Savoy, an expert on early thefts of cultural artefacts, makes it clear that a global renegotiation of the handling of archeological treasures is necessary. In her view, every Egyptian museum that is not located in Egypt should ask itself whether it even has the right to exist. Savoy refers to the question of the whereabouts and possible restitution of treasures looted in colonial times as one of the "great challenges of the future."
Priceless and Irreplaceable Treasures
Already precious at the time, these treasures are now priceless and irreplaceable. From a Western perspective, it is hard to imagine them being removed from the museum collections where they are now held.
German archeologist Ludwig Borchardt unearthed the Nefertiti bust at the Amarna archeological site 99 years ago. Referring to the find, he noted: "Colors as if just applied. Work is outstanding." The piece was still dubbed simply "colored bust of a princess," but Borchardt recognized its uniqueness immediately.
Although Lacau was not in office yet at the time, he later accused Borchardt of having concealed the splendor of the sculpture and created the impression that it was less important than another piece from the same dig, an altar that subsequently remained in Egypt.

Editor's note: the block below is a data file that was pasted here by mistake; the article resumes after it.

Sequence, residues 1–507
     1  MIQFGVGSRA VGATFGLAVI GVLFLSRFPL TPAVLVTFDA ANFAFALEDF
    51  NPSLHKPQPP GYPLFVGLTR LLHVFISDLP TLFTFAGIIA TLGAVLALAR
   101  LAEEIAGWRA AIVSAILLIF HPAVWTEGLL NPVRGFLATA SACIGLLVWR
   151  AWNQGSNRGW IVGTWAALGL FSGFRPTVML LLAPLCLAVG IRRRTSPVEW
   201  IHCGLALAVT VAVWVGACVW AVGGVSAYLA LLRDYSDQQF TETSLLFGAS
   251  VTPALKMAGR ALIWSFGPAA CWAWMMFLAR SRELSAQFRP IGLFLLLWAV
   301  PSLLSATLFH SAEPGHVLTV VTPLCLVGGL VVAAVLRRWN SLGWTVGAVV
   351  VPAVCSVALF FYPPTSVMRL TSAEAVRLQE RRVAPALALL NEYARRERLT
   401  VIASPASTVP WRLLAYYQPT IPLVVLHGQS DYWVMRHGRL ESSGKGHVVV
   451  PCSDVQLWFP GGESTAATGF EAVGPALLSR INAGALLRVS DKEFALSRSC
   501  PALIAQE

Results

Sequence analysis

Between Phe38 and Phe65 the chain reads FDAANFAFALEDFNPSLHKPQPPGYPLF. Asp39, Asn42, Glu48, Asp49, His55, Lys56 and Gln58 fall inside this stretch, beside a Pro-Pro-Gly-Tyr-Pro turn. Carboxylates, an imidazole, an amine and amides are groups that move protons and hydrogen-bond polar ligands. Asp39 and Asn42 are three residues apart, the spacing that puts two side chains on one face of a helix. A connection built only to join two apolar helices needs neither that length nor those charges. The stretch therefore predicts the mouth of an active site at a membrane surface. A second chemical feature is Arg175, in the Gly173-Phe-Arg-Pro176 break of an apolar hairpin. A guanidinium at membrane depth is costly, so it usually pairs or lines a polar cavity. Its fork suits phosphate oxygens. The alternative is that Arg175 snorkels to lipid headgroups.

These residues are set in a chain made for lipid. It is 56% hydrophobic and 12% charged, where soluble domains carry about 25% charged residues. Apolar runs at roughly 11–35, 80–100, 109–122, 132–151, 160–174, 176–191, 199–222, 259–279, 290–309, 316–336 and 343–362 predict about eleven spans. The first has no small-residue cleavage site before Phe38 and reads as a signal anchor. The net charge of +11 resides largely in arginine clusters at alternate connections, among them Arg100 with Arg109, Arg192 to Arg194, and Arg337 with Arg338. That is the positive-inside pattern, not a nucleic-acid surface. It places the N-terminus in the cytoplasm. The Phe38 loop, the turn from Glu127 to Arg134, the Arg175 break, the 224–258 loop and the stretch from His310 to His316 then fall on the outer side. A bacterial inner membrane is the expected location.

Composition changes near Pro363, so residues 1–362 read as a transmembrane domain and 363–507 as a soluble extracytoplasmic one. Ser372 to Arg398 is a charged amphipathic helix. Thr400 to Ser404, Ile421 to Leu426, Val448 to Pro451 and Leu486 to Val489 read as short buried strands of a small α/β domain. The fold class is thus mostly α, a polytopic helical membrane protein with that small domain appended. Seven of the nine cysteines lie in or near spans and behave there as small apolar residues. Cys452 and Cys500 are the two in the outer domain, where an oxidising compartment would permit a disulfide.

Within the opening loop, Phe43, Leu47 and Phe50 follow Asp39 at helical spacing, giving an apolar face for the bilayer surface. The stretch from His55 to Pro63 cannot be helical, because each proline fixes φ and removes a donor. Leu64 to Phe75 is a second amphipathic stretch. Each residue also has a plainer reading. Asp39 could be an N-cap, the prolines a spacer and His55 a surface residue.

The new practice was known as the sharing of finds. From a later perspective, it was disquieting, because it meant that many ensembles were separated. But different priorities applied in the colonial era. The archeologist, who had invested the money for the dig, was to be permitted to keep half of the pieces he found or be compensated for half of their value, while the Egyptians kept the other half.
But in most cases it was the foreign treasure hunters who benefited from this arrangement, because they downplayed the material value and significance of important pieces so that they could get them out of the country.
Borchardt was as cunning as the rest. He wrote that anyone who still hoped to derive anything worthwhile from the digs ought to apply the "London system of deep cellars." His words made it sound as if many a find had simply been covered up.
At the time, even Borchardt admitted: "By far the overwhelming portion fell into our laps." That included the Nefertiti bust, but apparently he was anxious to keep his success a secret, so that only a few people would see this exceptional work. When the finds from Amarna were exhibited in Wilhelmine Berlin in 1913, the Nefertiti bust was not included. It was only shown to Kaiser Wilhelm.
Love at First Sight for Berliners
The bust found a home as a private trophy on the mantelpiece of James Simon, a Berlin businessman who had paid for the excavations. In 1920, he donated it to the Egyptian Museum in the German capital, but it wasn't exhibited until four years later. For Berliners, it was love at first sight.
But for Pierre Lacau, the French head of the Egyptian antiquities administration, it was yet another reason to cling to his hatred for the Germans, to whom he and other Frenchmen referred to as the boche, a derogatory term used after the end of the war. At his insistence, the magnificent "German House" in Luxor, which the German archeologists had used as their base, was dynamited by the British in 1915. After that, Lacau tried to keep the Germans away from Egyptian digs for as long as possible, again citing "moral reasons." Borchardt was never permitted to dig at Egyptian sites again.